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Whether sanctifying grace is conferred in the sacrament of Order?

Objection 1: It would seem that sanctifying grace is not conferred in the sacrament of Order. For it is commonly agreed that the sacrament of Order is directed to counteract the defect of ignorance. Now not sanctifying grace but gratuitous grace is given to counteract ignorance, for sanctifying grace has more to do with the will. Therefore sanctifying grace is not given in the sacrament of Order.

Objection 2: Further, Order implies distinction. Now the members of the Church are distinguished, not by sanctifying but by gratuitous grace, of which it is said (1 Cor. 12:4): "There are diversities of graces." Therefore sanctifying grace is not given in order.

Objection 3: Further, no cause presupposes its effect. But grace is presupposed in one who receives orders, so that he may be worthy to receive them. Therefore this same grace is not given in the conferring of Orders.

On the contrary, The sacraments of the New Law cause what they signify. Now Order by its sevenfold number signifies the seven gifts of the Holy Ghost, as stated in the text (Sent. iv, D, 24). Therefore the gifts of the Holy Ghost, which are not apart from sanctifying grace, are given in Orders.

Further, Order is a sacrament of the New Law. Now the definition of a sacrament of that kind includes the words, "that it may be a cause of grace." Therefore it causes grace in the recipient.

I answer that The works of God are perfect (Dt. 32:4); and consequently whoever receives power from above receives also those things that render him competent to exercise that power. This is also the case in natural things, since animals are provided with members, by which their soul's powers are enabled to proceed to their respective actions unless there be some defect on the part of matter. Now just as sanctifying grace is necessary in order that man receive the sacraments worthily, so is it that he may dispense them worthily. Wherefore as in Baptism, whereby a man is adapted to receive the other sacraments, sanctifying grace is given, so is it in the sacrament of Order whereby man is ordained to the dispensation of the other sacraments.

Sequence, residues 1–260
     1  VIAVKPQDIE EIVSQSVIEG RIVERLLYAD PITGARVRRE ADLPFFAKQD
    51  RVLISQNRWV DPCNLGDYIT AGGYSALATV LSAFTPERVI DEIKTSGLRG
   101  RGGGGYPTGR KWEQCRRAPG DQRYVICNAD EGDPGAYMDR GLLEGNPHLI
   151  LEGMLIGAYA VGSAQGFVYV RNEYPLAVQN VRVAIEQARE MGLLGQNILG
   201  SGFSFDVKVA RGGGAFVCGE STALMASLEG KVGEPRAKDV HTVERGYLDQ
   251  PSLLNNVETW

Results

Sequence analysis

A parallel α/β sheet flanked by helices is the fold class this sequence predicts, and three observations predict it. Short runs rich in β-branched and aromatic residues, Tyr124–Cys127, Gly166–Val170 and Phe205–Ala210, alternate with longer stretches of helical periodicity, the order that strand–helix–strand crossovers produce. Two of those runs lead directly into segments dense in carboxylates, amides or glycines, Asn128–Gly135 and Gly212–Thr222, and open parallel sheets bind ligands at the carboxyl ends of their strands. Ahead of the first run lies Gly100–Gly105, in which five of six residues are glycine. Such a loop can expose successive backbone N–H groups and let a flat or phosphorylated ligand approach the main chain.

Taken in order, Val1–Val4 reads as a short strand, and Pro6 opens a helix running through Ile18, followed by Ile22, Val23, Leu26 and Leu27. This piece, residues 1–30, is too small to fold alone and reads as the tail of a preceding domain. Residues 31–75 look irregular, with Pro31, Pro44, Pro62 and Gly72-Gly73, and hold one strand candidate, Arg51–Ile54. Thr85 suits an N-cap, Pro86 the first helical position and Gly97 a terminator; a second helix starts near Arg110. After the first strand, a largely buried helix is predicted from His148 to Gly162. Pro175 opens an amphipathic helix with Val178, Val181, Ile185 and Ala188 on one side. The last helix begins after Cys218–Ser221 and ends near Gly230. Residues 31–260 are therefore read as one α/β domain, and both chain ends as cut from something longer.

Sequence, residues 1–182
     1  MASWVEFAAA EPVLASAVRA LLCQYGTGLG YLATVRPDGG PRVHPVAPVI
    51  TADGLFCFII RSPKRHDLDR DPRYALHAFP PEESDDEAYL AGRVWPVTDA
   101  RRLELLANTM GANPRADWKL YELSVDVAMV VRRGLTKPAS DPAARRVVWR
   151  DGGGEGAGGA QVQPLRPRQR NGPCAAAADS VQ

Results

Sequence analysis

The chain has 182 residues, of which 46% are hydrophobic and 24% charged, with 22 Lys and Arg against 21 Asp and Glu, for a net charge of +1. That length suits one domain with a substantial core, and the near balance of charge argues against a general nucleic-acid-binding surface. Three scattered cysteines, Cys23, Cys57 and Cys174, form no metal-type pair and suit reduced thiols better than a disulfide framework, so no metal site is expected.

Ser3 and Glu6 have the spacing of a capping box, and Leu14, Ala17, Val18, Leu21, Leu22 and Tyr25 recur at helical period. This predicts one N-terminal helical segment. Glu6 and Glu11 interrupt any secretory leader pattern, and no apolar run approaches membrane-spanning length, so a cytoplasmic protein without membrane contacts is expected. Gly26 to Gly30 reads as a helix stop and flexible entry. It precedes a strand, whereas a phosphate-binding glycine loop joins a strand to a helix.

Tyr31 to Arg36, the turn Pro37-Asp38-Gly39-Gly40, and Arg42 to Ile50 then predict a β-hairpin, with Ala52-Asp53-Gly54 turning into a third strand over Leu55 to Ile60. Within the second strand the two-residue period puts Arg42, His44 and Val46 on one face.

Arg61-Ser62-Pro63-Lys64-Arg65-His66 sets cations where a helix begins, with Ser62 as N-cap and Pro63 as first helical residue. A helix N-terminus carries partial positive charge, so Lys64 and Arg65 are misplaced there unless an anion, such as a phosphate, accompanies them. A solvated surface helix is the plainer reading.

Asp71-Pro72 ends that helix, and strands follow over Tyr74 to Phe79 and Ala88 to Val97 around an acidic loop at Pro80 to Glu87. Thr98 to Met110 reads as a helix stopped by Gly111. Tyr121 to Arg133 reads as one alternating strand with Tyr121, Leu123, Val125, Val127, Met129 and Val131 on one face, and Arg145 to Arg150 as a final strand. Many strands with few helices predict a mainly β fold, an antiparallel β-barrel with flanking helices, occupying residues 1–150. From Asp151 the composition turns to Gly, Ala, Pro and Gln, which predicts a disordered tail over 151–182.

Reply to Objection 1: Order is given as a remedy, not to one person but to the whole Church. Hence, although it is said to be given in order to counteract ignorance, it does not mean that by receiving Orders a man has his ignorance driven out of him, but that the recipient of Orders is set in authority to expel ignorance from among the people.

Reply to Objection 2: Although the gifts of sanctifying grace are common to all the members of the Church, nevertheless a man cannot be the worthy recipient of those gifts, in respect of which the members of the Church are distinguished from one another, unless he have charity, and this cannot be apart from sanctifying grace.

Reply to Objection 3: The worthy exercise of Orders requires not any kind of goodness but excellent goodness, in order that as they who receive orders are set above the people in the degree of Order, so may they be above them by the merit of holiness. Hence they are required to have the grace that suffices to make them worthy members of Christ's people, but when they receive Orders they are given a yet greater gift of grace, whereby they are rendered apt for greater things.

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